Ilia Malinin competes during the men's short program at the ISU Grand Prix on Oct. 23, 2020 in Las Vegas.
Young and with little to lose, the personable Malinin exudes quiet confidence. A student at Marshall High School in Falls Church, Virginia, his baseball cap reads “quadg0d,” his social media handle. He brought his good-luck charm, a soccer ball, with him to Norwood, and sometimes does tricks with it to help relax before practices.
“I love when you can see an athlete like Ilia show off what they can do,” two-time U.S. champion and 2014 Olympian Ashley Wagner said. “He is young, talented, he has a fire in him. Seeing athletes like that is really inspiring. He is posting all this stuff and he is showing everyone else that it’s okay to be that confident. I think it’s important and necessary.”
Even Malinin, though, seems to grapple with the enormity of his achievement.
“I mean, even for me to think about (quad axel), it’s, Wow,’” he said. “With it comes responsibility. You have to make sure all your jumps are as consistent as possible and even then it’s going to be really hard to incorporate the artistic side because you have all these jumps.”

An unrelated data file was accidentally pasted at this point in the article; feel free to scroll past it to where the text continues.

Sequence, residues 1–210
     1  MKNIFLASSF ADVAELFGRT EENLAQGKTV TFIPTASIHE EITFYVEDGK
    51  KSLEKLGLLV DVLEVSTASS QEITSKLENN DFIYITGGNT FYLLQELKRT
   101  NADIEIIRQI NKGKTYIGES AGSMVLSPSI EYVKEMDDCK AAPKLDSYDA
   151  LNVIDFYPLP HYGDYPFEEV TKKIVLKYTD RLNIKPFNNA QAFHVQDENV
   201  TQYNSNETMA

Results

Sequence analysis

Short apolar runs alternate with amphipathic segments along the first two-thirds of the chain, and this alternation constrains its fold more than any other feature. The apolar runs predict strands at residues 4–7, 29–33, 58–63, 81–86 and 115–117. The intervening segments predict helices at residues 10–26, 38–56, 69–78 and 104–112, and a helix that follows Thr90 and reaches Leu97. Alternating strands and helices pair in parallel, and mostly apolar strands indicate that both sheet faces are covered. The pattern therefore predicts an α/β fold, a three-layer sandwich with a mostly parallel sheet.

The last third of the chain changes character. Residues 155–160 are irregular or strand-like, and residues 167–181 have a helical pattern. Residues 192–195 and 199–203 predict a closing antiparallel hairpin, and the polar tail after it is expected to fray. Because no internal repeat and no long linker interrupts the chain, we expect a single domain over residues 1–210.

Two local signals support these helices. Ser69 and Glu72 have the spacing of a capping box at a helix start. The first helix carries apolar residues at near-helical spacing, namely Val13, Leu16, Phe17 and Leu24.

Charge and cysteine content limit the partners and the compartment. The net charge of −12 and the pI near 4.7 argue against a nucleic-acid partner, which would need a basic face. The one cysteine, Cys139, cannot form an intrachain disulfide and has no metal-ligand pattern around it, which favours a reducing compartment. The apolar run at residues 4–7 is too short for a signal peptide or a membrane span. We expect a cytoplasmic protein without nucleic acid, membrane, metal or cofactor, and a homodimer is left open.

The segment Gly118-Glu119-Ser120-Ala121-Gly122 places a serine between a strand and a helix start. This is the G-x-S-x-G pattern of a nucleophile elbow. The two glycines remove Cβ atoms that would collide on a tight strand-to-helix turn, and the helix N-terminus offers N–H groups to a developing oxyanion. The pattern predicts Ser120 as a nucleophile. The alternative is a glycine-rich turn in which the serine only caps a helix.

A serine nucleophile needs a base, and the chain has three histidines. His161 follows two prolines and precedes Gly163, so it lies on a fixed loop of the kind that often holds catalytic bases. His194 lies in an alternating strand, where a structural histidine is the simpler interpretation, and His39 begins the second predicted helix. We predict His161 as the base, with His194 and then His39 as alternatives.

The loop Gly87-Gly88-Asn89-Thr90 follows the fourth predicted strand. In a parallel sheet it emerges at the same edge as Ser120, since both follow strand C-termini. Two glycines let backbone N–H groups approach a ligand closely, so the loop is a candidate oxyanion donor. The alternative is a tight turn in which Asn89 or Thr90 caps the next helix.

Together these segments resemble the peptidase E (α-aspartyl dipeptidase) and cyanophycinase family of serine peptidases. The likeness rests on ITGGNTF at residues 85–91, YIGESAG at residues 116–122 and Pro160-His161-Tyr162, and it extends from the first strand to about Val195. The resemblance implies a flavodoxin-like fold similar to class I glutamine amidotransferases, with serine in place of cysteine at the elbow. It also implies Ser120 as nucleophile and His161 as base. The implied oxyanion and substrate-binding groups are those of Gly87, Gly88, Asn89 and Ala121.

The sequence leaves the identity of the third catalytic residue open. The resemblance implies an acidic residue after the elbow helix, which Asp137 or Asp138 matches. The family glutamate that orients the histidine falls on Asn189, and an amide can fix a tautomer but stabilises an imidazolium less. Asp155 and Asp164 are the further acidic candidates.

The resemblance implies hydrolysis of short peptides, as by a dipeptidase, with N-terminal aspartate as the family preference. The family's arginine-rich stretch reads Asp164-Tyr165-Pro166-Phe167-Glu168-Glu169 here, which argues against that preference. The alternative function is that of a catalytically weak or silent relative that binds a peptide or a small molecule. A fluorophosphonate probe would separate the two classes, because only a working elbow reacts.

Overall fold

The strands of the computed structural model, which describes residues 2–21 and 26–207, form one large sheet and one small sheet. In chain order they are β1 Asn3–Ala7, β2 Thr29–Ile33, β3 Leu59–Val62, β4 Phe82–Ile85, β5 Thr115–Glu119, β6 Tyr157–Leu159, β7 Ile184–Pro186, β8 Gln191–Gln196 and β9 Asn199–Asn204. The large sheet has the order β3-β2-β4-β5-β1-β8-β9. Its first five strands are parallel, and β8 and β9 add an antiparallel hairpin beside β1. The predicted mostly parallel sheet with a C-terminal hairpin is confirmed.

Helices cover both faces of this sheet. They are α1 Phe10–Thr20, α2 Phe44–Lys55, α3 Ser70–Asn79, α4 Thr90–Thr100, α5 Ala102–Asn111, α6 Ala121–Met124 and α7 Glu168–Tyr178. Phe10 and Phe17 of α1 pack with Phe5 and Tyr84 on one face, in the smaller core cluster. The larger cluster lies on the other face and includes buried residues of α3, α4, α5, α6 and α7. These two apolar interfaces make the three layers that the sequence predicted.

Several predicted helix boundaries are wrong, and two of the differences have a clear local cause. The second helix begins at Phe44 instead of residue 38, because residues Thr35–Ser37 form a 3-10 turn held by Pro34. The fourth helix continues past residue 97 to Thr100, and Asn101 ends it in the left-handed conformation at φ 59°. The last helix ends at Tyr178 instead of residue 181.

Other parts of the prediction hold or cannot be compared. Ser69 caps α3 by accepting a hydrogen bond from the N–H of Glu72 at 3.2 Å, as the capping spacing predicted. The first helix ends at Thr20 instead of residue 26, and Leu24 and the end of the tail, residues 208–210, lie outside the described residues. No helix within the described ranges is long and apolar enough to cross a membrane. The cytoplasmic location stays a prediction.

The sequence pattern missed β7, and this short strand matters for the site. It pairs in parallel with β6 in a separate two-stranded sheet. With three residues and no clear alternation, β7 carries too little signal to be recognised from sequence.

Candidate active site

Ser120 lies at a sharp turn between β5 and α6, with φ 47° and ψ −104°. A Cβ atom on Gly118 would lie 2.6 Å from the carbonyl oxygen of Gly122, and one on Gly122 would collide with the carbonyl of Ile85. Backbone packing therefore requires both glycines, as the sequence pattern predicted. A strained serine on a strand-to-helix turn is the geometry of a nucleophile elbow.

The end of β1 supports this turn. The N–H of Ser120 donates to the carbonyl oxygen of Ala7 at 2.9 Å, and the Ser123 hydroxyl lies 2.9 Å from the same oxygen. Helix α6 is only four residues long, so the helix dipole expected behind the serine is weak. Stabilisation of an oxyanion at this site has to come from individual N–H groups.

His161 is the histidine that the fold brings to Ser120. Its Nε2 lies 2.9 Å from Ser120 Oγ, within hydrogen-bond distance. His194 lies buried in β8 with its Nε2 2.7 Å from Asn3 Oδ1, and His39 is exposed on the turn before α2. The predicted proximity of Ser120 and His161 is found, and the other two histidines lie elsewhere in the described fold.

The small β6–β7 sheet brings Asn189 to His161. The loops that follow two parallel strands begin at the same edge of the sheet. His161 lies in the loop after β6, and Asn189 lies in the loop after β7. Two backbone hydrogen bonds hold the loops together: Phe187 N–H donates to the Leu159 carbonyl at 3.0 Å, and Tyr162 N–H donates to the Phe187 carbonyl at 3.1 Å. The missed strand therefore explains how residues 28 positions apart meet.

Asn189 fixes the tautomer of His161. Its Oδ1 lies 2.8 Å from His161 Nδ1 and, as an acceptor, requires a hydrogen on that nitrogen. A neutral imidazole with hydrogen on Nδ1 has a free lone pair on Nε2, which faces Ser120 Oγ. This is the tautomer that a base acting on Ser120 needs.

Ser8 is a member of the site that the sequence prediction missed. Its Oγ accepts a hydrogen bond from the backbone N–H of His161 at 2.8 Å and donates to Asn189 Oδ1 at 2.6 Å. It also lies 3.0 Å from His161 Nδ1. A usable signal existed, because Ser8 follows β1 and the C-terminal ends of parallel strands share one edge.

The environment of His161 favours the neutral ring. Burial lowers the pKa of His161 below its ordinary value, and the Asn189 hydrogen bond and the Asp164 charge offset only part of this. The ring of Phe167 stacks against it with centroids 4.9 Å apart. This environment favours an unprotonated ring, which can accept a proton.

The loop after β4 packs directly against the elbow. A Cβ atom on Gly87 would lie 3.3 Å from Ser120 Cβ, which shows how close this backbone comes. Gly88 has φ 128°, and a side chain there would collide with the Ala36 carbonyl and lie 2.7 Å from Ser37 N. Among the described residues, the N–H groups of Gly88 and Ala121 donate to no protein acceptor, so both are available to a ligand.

Skate America marks the start of the Team USA Ilia era. Chen, along with world bronze medalist Vincent Zhou and perennial U.S. favorite Jason Brown, are not competing this fall, and it is uncertain they will return. Malinin already showed his mettle last season, outshining both Zhou and Brown to place second to Chen at the U.S. Championships.
Malinin’s lack of a senior portfolio kept him off the 2022 U.S. Olympic Team this year, but he triumphed at the junior world championships with a record score.
The 2022 senior world championships were a different story. After a strong short program, Malinin stumbled in the free skate, falling on two quads to place a respectable, but disappointing, ninth.
“It was just a disaster,” he said at the time.
Malinin fared far better at his most recent event, the Japan Open in Tokyo earlier this month, where he touched the ice on his quad axel but landed four other quads in his free skate to place second, a fraction behind Japan’s world champion Shoma Uno.